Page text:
If you have opted to not use a view template, then you will need to setup widgets and alarm points yourself. You can add widgets to help you see all kinds of information about your device(s). Let’s first look at the top menu to show you what actions are available within a dashboard.

There should be a menu across the top part of your dashboard that looks like the following:

If you are missing some of the actions in the menu, it may mean that you do not have permission to do that action. Contact your system administrator to gain desired permissions.


  1. Starting at the left, you will see the Add button. This allows you to add widgets to your dashboard. Widgets can show sensor data, trend data, text, images, and perform other specialized functions.
  2. The Add Header allows you to add headings to your dashboard to help organize your widgets. Headers span the entire length of the page and cannot be shortened.
  3. The Edit button allows you to rearrange the widgets on your dashboard, as well as to edit or delete individual widgets.
  4. The Screen Size button is a handy shortcut that allows you to see what a dashboard will look like on a mobile device. It also allows you to design your dashboards for both desktop and mobile independently, if desired.
  5. The Create a Template button allows you to create a view template from your dashboard. This template will copy the exact structure and data points that your view is pulling from your device(s) and saves it as a template that you can use for other views. View templates do not store sensor data, only structure. View templates are also frozen in time – this means that if you change your dashboard after templating it, the template will not update.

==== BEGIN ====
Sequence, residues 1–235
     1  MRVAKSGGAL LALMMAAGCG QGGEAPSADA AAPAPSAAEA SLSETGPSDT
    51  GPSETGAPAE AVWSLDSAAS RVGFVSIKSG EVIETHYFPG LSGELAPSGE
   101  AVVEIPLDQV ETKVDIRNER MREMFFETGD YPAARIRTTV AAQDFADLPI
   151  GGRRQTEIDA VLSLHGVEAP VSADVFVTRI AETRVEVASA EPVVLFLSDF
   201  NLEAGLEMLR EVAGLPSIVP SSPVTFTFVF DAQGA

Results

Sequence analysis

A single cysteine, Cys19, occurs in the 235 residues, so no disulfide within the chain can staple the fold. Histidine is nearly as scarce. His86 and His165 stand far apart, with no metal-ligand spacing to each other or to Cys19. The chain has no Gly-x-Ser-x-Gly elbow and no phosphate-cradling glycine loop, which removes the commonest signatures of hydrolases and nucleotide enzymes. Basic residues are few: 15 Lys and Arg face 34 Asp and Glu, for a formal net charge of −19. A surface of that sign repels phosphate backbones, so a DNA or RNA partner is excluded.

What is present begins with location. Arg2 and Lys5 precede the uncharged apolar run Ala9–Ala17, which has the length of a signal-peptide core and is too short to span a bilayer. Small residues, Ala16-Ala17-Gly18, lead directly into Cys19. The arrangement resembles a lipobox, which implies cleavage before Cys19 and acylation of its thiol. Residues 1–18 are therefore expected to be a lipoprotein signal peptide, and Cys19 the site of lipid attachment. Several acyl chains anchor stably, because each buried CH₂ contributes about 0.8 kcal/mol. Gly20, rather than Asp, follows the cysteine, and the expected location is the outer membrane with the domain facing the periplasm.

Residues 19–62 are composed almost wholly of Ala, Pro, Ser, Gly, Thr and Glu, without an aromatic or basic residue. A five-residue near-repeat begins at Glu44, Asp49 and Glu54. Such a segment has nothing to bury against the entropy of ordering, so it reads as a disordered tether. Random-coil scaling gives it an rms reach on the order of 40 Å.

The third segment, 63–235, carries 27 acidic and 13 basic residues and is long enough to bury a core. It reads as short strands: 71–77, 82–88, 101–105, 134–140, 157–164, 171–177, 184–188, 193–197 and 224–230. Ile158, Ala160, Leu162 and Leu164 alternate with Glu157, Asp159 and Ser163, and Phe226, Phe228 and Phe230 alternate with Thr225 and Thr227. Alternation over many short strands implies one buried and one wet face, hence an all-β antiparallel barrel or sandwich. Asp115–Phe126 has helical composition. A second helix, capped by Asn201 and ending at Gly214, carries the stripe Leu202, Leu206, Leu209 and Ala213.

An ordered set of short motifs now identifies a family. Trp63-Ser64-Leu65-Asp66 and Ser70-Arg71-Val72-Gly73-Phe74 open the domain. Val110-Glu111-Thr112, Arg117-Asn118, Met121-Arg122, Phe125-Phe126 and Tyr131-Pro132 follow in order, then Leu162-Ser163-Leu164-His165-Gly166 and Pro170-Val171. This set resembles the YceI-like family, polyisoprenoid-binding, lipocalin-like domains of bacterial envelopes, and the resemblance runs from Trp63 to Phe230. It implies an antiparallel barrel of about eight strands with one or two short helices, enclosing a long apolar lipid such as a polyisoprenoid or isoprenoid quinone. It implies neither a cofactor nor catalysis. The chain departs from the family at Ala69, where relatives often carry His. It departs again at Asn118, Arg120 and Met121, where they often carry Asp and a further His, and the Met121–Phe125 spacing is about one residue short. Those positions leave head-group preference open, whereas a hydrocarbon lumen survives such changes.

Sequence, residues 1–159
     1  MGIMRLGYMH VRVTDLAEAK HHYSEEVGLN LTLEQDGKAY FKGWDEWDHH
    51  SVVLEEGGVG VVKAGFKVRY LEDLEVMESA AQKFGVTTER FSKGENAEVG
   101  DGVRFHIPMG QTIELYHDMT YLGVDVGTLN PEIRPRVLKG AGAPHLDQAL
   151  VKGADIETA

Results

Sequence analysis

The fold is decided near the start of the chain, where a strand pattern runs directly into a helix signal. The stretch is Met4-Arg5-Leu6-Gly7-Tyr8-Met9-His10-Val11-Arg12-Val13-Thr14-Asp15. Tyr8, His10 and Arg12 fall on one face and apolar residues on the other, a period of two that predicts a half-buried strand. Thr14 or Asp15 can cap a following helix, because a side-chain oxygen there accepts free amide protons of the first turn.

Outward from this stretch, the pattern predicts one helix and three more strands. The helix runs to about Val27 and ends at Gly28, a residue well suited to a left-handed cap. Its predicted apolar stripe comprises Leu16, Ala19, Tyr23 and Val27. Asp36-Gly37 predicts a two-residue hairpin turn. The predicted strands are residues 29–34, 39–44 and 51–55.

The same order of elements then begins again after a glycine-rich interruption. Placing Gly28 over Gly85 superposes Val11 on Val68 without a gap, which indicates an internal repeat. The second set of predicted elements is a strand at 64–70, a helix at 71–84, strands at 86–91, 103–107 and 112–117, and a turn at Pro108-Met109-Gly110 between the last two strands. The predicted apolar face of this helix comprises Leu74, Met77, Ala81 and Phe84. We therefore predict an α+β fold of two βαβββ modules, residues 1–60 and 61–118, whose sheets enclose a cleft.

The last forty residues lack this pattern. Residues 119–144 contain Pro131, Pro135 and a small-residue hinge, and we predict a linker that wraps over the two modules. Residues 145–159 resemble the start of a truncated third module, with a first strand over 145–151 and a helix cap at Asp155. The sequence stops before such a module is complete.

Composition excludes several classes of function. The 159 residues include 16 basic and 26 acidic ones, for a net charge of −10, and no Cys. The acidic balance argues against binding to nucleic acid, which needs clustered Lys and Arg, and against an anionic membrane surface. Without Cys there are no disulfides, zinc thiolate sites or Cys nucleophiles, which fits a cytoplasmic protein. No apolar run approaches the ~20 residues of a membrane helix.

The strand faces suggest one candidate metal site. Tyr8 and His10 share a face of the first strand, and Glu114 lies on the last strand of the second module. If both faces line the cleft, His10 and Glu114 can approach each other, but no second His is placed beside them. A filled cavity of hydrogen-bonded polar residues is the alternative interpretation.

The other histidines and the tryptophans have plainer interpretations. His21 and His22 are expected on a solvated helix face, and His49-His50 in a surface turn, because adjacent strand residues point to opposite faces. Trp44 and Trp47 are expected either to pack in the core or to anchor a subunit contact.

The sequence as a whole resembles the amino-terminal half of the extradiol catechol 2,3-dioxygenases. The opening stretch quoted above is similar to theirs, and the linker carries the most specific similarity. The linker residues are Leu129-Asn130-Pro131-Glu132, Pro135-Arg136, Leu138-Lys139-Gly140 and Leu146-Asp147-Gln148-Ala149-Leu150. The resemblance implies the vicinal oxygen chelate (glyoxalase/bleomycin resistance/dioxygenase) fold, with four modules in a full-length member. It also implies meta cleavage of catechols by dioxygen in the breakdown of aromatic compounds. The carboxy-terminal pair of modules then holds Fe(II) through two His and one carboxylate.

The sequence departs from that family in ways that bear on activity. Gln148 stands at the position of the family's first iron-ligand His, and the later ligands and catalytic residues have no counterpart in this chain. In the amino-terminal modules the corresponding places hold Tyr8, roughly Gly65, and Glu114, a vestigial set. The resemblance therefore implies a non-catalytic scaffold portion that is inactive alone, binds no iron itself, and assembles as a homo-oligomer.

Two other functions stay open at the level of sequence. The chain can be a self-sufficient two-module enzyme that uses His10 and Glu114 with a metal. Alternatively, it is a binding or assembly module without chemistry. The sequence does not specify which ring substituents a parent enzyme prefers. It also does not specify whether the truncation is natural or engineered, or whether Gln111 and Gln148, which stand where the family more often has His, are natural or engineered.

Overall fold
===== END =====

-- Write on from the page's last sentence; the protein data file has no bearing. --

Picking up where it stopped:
6. Alert Settings is the exact same information contained on the alerts step when creating a view. It shows a list of users who can see the view and lets you assign who receives warning, critical, and equipment disconnected alerts.
  7. Share is the same information as the share step when creating a view, with added features. You can invite users from outside Critical Labs to see your view temporarily by generating a share link or invite a Critical Labs user to permanently see your view. You can also manage which users can see, edit, and share your view.
  8. The Set a Time Range button allows you to globally set the time range for any trend charts in your dashboard. Each trend can be updated individually, but this button will set the displayed time range for all trends.
  9. The Generate a Report button generates and downloads a basic PDF report of the data in your dashboard. This report will include drawings of trends, as well as a history of alerts within the time range currently being viewed in the dashboard.
  10. The View Traps button may or may not be available on your dashboard because not all equipment sends SNMP traps to Critical Labs. This is a handy shortcut to access traps if you are using them.

Begin by clicking the Add button in the dashboard menu.

A screen will appear with steps to add a widget.

You will notice that there are many different types of widget in Critical Labs. This is part of what makes Critical Labs so flexible and powerful. You can combine any number of widgets to create a unique, customizable, and templatable dashboard.

Let’s choose the Sensor Value widget and click Next.

This brings you to the sensor selection step.

In this step you will add a data point (known as a sensor) from your equipment to the view. Notice that even though you selected your equipment when adding the view, you still have access to any device and/or sensor in your account.

Choose a sensor (or multiple sensors) and click Next.

You will now see a list of display options for your sensor. Choose an option you would like to see. Click Next.

You may optionally add a link to your widget that will be displayed directly on the widget. This is useful if you want to have local links to your devices (only works on the same network as the device) or to link to offsite documentation.

Click Next.

Lastly, give your widget a name. You may use the default name Critical Labs assigns or come up with your own.

Click Finish.

Congratulations on making your very first widget! Feel free to experiment with adding more widgets of different types, and editing the dashboard to rearrange the layout.